We, teachers, know that we aren’t the only busy ones around back-to-school time. Between tracking down lengthy lists of school supplies, shopping for the coolest new clothes, and balancing out new after-school schedules, it can be a whirlwind for parents, too. Here is a quick list of things to remember when sending your child to school on the first day.
1) Transportation: Many teachers will tell you that the biggest stress of the first day of school is simply ensuring that each child makes it home the right way. While teachers should already have this information on file and most schools have excellent systems in place, it still doesn’t hurt to make sure your child knows exactly how to get home, especially the little ones. Sending your child into school with some sort of visual reminder of his/her bus number (such as a hot pink sticky note in the netting section of the book bag) will only help if any questions should arise throughout the day.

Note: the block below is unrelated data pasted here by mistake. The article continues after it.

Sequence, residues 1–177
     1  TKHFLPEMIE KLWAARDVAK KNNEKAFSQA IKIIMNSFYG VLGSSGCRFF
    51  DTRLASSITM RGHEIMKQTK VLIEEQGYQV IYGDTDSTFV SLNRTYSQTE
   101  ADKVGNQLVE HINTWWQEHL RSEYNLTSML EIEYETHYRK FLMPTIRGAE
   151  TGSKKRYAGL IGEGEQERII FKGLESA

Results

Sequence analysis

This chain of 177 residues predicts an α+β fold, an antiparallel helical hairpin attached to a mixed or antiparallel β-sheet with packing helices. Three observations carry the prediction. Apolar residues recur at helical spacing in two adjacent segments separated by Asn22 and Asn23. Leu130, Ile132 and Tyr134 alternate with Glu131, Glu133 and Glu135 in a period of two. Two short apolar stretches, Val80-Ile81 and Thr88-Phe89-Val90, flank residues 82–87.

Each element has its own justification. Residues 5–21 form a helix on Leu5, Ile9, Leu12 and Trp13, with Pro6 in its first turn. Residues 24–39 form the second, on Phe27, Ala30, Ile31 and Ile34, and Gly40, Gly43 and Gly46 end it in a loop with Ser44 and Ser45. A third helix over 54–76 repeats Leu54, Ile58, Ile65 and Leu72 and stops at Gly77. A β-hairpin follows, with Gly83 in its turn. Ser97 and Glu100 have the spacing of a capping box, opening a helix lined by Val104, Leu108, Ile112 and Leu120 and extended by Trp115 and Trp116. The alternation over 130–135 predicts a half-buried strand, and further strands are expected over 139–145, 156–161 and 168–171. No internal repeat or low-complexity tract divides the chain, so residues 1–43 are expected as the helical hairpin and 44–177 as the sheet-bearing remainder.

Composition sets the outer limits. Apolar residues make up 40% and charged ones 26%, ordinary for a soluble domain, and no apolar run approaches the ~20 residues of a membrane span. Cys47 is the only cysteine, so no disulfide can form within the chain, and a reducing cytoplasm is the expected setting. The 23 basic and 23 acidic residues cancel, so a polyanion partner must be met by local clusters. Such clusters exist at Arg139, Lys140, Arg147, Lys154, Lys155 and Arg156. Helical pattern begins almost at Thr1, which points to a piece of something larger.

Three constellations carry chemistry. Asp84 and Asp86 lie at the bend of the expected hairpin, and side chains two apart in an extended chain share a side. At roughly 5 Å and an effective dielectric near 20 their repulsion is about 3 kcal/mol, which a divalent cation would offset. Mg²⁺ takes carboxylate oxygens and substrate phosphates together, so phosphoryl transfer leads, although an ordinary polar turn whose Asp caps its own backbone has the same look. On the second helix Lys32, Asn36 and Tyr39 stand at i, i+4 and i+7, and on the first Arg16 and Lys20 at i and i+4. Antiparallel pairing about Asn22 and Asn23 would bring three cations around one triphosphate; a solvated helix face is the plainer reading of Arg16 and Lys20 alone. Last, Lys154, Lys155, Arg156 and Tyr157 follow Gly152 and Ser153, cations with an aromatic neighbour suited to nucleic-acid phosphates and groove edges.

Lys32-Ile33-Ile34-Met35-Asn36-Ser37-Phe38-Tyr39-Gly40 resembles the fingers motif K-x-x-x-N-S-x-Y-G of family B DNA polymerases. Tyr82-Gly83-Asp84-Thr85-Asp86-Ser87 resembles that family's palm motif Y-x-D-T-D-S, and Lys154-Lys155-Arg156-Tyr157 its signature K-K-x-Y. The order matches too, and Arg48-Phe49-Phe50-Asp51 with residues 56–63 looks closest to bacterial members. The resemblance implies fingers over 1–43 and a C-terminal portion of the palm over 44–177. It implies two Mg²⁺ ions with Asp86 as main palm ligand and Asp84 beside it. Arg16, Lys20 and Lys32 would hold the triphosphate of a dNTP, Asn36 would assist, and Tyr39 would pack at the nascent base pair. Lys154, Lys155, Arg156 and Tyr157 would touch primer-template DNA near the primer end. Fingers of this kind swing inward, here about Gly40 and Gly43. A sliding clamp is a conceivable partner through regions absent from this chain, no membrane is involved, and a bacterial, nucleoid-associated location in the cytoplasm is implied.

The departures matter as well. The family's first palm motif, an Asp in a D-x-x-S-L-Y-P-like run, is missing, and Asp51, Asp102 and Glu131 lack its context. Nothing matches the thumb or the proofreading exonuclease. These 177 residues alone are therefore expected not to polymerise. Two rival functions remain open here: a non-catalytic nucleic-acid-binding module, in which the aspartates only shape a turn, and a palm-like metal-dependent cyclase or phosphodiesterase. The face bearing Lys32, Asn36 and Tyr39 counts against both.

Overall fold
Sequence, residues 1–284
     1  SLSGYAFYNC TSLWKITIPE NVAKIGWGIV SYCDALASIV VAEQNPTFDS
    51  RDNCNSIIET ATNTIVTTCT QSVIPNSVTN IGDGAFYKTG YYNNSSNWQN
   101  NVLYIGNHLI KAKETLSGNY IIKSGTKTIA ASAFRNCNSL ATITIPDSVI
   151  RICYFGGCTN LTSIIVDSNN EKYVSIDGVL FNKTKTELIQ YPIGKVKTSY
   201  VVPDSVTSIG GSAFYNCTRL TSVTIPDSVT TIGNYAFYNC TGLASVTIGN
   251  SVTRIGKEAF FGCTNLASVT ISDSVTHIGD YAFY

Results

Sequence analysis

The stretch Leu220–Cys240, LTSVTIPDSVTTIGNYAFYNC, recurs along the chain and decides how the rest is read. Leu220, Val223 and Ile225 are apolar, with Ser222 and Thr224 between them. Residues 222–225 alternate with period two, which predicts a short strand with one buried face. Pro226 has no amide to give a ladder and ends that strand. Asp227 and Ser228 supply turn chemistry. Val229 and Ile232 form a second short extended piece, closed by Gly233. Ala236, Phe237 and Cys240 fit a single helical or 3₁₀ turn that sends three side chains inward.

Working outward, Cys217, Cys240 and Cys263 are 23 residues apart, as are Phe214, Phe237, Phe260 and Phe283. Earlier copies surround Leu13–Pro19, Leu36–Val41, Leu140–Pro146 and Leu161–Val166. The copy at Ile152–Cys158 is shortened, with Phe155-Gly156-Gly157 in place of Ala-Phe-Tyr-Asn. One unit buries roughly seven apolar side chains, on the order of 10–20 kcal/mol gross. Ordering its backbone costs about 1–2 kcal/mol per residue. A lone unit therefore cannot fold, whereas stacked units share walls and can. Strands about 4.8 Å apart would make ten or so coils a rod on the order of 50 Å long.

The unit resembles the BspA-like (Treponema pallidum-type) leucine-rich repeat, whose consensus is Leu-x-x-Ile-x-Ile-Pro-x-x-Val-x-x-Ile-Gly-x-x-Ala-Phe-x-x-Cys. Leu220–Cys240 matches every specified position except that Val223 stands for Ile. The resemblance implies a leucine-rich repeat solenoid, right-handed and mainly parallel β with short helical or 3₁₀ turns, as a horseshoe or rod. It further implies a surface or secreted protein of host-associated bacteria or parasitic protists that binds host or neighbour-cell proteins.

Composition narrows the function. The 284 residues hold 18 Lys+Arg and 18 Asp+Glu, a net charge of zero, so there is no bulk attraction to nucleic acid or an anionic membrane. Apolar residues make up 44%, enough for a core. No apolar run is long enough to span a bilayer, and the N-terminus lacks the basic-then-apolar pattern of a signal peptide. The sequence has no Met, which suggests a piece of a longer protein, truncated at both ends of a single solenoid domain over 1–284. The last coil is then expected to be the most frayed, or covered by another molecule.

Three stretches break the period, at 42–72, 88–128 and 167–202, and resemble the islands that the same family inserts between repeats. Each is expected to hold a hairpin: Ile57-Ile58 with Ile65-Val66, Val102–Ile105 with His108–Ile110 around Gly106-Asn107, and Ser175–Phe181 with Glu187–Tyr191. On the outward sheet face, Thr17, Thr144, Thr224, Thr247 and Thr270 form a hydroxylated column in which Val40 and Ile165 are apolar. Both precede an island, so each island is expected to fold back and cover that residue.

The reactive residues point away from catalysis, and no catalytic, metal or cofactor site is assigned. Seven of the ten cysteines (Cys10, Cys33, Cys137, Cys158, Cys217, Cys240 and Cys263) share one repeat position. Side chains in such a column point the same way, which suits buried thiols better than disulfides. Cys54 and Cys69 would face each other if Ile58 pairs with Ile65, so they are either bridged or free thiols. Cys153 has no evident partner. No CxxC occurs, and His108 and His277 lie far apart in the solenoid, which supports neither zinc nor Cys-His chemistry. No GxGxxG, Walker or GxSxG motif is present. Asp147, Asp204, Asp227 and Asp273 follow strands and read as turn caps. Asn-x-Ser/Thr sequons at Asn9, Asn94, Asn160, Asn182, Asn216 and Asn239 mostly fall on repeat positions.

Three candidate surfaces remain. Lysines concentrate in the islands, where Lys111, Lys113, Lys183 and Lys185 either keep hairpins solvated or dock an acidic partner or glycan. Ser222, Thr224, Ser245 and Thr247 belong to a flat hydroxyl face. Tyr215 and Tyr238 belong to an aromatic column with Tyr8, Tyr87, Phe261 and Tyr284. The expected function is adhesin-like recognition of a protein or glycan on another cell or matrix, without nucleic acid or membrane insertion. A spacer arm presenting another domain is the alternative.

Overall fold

2) School Supplies: Be sure to send all required materials into school on the first day (if not before). Teachers dedicate a lot of time to organizing/labeling materials on the first day. Many parents ask, “Should I write my child’s name on the materials?” Unless your child’s teacher previously specified his/her preference, leave them blank. Many of the materials will be collected and dispersed as needed throughout the year. Now, if it is an extra special Hannah Montana pencil box or Captain America folder, that’s another story!
3) Office Forms: Return all office forms back to school A.S.A.P, particularly the ones with transportation and contact information. The sooner these come in, the sooner the office can enter the data into the system, and the sooner your child’s teacher can get on with the ‘good stuff’.
4) Sweater/Jacket: Schools tend to hike up the A.C. knowing that hundreds of little bodies are about to inhabit the space. Stuff a light jacket or sweater into your child’s book bag just in case. We want the kids to feel as comfortable as possible on the first day!
5) Lunch: If your child plans on buying lunch at certain times throughout the year, allow him/her to do it at least once during the first week. This is the time when teachers tend to linger to ensure the kids make it through the lunch lines okay, and also the time when cafeteria workers explain routines. If you plan to pack lunch for your child throughout the school year, try to include simple easy-to-open and close items that allow your child more time to chow down. Cafeteria monitor hands are not always available (especially during the first week), and time flies when children are having fun socializing with new friends!